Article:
My aunt is a hardworking woman, with hopes, dreams, aspirations, and goals like every person, citizen or not. The way the US government calls immigrants aliens is insulting. Are they aliens? Are they not humans, with feelings, families, painful pasts, and hopeful futures? Since when have we decided that because we aren’t born in the same country that we’re aliens? Are we not all born here on this planet? We’re all a part of humanity.
In California, undocumented immigrants will now be able to get driver’s licenses. A license is not a permanent residency or citizenship, but it is the opportunity to drive without fear and to have an identity.
“It’s all very exciting! I already made an appointment and have even began studying,” said Lucia. “I can’t get over the excitement of finally having something legal, something to my name. I’m not scared at all of ‘coming out the shadows.’ I’m hopeful, I’m thankful, and I’m wishful. It’s one step towards being able to see my parents’ faces in person some day. I feel like I’m closer to one day being able to return home to my mother after over 20 years of only hearing her voice over a telephone.”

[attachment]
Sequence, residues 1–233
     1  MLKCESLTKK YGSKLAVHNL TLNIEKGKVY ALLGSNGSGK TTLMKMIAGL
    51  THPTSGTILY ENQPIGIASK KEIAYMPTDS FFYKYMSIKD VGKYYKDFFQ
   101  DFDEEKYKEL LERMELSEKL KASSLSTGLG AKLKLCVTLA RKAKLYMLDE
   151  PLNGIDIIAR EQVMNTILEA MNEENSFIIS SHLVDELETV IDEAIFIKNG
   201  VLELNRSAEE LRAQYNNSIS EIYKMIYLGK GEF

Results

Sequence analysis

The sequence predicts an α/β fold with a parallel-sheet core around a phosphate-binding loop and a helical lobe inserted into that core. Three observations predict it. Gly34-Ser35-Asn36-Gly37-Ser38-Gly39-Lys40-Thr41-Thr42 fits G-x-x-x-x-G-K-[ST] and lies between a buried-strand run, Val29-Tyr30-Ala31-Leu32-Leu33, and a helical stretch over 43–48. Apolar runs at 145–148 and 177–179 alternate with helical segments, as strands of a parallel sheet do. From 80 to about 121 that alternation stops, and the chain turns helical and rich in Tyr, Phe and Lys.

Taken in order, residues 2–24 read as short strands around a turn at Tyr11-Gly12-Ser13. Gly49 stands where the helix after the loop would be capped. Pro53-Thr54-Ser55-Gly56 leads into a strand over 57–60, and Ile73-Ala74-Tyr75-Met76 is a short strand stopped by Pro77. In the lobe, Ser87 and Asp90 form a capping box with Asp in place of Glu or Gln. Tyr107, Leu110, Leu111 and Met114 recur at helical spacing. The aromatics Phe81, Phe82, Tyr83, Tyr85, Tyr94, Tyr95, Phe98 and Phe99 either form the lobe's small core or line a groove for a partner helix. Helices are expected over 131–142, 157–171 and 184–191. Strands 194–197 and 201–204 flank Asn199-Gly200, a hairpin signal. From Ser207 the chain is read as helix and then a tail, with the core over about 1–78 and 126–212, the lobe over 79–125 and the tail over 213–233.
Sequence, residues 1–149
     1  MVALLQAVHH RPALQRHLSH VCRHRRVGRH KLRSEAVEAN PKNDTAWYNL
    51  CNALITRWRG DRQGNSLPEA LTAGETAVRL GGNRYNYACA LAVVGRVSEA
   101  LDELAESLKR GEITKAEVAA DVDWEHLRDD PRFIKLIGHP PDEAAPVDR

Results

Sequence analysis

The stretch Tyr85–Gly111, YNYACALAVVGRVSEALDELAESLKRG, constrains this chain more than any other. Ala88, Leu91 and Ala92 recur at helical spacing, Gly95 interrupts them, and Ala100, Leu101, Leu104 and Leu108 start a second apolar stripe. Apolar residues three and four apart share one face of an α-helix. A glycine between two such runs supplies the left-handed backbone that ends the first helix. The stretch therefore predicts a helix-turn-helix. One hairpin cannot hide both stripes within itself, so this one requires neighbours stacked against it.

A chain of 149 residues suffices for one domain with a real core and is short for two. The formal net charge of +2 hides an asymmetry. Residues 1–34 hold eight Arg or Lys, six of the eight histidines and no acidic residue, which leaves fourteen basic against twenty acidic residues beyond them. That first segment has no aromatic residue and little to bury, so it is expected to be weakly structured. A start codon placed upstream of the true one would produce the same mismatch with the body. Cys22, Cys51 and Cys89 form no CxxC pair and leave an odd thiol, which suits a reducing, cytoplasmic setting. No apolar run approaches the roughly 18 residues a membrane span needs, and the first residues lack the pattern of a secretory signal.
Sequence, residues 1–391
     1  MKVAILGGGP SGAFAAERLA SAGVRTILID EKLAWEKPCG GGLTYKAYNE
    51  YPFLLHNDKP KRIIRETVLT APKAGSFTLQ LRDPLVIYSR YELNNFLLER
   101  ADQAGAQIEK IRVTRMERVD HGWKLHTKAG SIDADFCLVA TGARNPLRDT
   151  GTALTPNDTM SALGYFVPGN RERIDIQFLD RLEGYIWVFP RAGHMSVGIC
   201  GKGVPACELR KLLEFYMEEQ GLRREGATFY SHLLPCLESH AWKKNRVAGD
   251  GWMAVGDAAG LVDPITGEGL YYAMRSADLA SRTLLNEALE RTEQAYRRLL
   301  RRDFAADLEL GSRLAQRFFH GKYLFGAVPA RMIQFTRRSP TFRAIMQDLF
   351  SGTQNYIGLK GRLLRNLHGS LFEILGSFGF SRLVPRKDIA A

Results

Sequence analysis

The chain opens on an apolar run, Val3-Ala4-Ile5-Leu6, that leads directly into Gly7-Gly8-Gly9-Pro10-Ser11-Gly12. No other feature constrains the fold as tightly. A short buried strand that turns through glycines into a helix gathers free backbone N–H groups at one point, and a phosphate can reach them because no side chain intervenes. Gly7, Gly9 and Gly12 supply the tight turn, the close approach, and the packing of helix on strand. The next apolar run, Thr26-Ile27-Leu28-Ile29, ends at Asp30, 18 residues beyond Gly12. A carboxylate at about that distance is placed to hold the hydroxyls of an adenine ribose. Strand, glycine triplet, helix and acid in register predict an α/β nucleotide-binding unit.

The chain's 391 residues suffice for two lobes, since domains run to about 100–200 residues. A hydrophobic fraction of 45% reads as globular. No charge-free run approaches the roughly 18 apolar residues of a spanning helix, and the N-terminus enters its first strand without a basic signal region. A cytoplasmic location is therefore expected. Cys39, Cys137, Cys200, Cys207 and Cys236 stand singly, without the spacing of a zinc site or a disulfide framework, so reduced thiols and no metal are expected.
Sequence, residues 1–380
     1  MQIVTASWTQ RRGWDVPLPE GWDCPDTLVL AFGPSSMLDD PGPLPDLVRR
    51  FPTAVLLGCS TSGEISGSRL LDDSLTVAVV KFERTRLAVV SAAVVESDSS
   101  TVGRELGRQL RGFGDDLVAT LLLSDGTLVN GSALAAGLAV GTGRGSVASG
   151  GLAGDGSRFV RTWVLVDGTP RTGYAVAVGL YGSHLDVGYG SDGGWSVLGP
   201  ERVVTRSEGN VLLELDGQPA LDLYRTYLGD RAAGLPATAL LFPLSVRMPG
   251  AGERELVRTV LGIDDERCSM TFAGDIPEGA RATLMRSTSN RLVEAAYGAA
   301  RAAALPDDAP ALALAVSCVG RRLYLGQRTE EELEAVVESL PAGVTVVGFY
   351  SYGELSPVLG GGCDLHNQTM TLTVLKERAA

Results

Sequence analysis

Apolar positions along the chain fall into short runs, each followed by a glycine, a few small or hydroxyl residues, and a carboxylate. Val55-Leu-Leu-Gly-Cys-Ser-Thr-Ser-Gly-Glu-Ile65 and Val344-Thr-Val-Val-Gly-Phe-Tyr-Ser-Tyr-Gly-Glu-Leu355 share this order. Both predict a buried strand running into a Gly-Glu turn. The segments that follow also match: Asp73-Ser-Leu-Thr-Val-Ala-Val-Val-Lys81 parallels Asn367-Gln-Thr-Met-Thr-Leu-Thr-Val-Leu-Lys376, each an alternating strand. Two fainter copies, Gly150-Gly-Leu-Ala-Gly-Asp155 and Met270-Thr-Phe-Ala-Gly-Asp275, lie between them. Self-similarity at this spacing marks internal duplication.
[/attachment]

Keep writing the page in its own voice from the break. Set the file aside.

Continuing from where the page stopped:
Many undocumented immigrants face the hardship of being in a new country, not speaking English, and trying to find work in a world without their immediate families. Somehow, each one finds a reason to stay and the motivation to continue to be part of a country that sometimes humiliates them, tracks them down like dogs, and often makes them the butt of jokes.
“I came to this country because of Maria,” Lucia said. “She calculated that a whole day’s pay from 7 a.m. to 10 p.m. in Mexico was less than $4. She knew that I could make more than $4 a day working here in the U.S. at any job. She encouraged me to come and I was eager to. I owe everything I have to Maria, she helped me get here and supported me every step of the way. She lived my life as much as I did and experienced everything with me. I thank God every day for helping me stay safe, for my family, for my a job, and I thank him for Maria. She is my best friend, my sister, and my mentor. To her I owe my happiness, my family, and my experiences.”